Les in 2013 at the San Jose State Event Center
|UC Davis Aggies|
August 18, 1963 |
|Listed height||5 ft 11 in (1.80 m)|
|Listed weight||195 lb (88 kg)|
|High school||Notre Dame College Prep
|NBA draft||1986 / Round: 3 / Pick: 70th overall|
|Selected by the Atlanta Hawks|
|Number||25, 12, 33, 14|
|1987–1988||Rochester Flyers (CBA)|
|1988||Chicago Express (WBL)|
|1990||Santa Barbara Islanders (CBA)|
|1990||Los Angeles Clippers|
|1990||Saskatchewan Storm (WBL)|
|1990||Omaha Racers (CBA)|
|1994||Omaha Racers (CBA)|
|1995||CB Salamanca (Spain)|
|1994||Omaha Racers (asst.)|
|1999–2001||Sacramento Monarchs (asst.)|
|Career highlights and awards|
|Points||1,210 (3.8 ppg)|
|Rebounds||396 (1.2 rpg)|
|Assists||930 (2.9 apg)|
|Stats at Basketball-Reference.com|
James Allen Les (born August 18, 1963) is an American basketball coach and former player who is the current head coach of the UC Davis Aggies men's basketball team. A former point guard, he was picked in the third round (70th pick overall) of the 1986 NBA Draft out of Bradley University.
In 2011, he was hired as the head coach of the UC Davis Aggies men's basketball team.
Les began his collegiate basketball career playing at Cleveland State University, but transferred after the 1981–82 season to Bradley. While attending Bradley University he was a member of the Accounting Student Association and the Delta Upsilon fraternity. When he left college in 1986, he had compiled the second most assists in NCAA history in a combined playing career with Cleveland State and Bradley.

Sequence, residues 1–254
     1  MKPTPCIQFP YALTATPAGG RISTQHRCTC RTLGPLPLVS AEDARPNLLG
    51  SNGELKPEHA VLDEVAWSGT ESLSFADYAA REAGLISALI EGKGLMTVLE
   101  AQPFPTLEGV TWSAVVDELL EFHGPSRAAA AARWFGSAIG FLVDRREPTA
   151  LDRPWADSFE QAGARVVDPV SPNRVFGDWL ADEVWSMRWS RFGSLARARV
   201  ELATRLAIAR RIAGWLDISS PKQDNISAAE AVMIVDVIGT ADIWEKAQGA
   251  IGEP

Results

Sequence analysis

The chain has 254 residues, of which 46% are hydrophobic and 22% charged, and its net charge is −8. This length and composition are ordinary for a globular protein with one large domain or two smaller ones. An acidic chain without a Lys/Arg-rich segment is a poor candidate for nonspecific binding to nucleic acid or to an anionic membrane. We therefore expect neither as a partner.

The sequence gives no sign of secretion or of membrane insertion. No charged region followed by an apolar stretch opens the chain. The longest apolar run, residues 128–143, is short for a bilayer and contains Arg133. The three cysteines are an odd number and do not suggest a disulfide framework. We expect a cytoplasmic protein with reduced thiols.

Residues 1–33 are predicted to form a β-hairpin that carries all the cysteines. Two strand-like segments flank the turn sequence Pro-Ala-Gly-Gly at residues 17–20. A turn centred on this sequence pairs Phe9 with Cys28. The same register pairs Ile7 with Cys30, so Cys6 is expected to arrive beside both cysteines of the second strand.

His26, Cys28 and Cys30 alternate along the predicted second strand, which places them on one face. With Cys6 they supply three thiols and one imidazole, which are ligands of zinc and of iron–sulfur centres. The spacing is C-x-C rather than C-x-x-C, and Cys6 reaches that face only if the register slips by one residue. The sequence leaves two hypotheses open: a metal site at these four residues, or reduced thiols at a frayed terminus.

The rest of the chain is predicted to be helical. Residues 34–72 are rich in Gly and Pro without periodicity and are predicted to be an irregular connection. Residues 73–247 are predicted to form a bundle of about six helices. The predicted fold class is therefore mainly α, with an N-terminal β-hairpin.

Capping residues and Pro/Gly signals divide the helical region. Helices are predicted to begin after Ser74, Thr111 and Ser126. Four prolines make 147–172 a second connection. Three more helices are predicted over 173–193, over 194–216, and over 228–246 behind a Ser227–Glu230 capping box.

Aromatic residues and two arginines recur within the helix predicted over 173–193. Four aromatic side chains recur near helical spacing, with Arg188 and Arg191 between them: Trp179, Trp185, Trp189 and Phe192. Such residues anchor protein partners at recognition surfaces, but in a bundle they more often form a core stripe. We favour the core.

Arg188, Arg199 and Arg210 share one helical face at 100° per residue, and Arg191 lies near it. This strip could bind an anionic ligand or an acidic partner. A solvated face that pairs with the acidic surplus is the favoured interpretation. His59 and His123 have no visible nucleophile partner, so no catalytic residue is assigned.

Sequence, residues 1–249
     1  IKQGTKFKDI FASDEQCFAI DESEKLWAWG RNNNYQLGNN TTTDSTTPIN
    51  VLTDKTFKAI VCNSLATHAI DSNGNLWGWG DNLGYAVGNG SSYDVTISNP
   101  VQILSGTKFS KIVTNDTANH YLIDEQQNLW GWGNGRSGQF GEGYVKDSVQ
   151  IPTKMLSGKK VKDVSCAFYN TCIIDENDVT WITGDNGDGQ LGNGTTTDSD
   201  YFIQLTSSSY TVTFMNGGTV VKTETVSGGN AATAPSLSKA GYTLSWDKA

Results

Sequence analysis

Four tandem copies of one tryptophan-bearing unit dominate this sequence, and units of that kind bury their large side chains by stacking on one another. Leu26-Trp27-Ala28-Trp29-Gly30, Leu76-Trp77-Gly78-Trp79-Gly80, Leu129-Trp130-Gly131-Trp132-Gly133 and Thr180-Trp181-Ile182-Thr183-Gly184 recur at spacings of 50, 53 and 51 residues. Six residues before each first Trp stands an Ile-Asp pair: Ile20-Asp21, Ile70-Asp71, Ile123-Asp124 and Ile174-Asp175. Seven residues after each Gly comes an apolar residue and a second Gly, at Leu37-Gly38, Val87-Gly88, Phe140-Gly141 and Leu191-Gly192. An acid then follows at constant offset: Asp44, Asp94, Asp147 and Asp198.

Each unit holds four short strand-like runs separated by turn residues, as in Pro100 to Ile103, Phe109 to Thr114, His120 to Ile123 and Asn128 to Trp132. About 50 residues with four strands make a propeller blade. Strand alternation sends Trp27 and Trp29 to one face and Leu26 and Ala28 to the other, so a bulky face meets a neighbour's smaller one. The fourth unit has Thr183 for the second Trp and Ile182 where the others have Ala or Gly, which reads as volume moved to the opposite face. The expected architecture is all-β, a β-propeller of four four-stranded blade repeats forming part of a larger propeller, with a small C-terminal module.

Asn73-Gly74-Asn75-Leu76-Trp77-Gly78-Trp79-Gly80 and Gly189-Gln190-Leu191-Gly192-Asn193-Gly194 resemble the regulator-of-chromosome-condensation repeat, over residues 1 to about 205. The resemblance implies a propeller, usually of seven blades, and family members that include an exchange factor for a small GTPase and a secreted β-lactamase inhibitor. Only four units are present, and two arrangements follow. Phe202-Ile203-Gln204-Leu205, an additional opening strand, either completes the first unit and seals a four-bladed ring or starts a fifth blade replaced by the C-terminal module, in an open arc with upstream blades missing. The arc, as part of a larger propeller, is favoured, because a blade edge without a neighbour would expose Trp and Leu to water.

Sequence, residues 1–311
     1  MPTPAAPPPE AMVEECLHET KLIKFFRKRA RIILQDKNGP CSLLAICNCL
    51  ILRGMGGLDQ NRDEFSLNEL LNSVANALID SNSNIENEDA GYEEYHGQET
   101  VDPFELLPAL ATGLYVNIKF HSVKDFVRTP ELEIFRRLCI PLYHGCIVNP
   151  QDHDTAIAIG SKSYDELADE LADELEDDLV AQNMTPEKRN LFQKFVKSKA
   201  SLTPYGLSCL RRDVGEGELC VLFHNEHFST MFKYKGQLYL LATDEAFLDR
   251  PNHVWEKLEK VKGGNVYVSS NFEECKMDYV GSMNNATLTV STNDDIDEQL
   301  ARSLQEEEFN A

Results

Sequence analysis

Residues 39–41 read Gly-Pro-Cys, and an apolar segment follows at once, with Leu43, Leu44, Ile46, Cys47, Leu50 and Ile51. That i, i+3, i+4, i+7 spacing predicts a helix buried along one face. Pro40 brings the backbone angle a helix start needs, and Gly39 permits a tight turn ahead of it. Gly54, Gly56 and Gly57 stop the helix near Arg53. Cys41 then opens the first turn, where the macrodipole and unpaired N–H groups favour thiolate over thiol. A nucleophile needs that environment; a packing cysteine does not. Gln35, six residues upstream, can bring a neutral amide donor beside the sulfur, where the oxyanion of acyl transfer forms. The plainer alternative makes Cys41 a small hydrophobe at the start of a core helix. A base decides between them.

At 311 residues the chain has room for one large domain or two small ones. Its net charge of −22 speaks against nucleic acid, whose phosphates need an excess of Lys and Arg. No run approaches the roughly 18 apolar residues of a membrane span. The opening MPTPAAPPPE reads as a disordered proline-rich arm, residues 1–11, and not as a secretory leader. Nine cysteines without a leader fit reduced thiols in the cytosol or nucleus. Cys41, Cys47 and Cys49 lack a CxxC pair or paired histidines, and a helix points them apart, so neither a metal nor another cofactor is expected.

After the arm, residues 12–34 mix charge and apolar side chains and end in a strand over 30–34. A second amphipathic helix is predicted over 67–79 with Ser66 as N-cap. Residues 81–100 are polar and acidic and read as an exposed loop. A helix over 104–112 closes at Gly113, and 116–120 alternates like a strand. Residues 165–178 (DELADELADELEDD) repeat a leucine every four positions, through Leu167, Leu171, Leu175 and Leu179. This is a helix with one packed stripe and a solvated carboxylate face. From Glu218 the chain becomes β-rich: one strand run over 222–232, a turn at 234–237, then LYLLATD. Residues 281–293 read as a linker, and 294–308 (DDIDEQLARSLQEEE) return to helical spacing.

A 5'11" point guard, Les was the 70th overall pick in the 1986 NBA Draft, selected in the third round by the Atlanta Hawks. However, the Hawks waived Les in July 1986. Two months later, Les signed with the Philadelphia 76ers but was waived in December without playing a game. Les re-signed with the 76ers on July 1, 1987 but was waived on November 3 before the regular season.
Les later signed with the Rochester Flyers of the Continental Basketball Association (CBA) and played 12 games from 1987 to 1988. In the summer of 1988, Les signed with the Chicago Express of the World Basketball League (WBL). Les was a 1988 All-WBL selection and led the league in three-point field goal percentage in 1988 with 46.7%. The Chicago Express were runners-up in the WBL championship.
Les signed with the NBA's Milwaukee Bucks on October 19, 1988 but was waived the next day. He then signed with the Utah Jazz and made his NBA debut on November 4, 1988. Les played all 82 games of the 1988–89 season. Les averaged 9.5 minutes, 1.7 points, 1.1 rebounds, and 2.6 assists per game. After playing one game in the beginning of the 1989–90 season, Les was waived by the Jazz on November 6, 1989. Les then joined the Santa Barbara Islanders of the CBA and averaged 14.6 points and 9.8 assists a game. Les returned to the NBA on February 6, 1990 with the Los Angeles Clippers and was waived on February 27 after playing 6 games.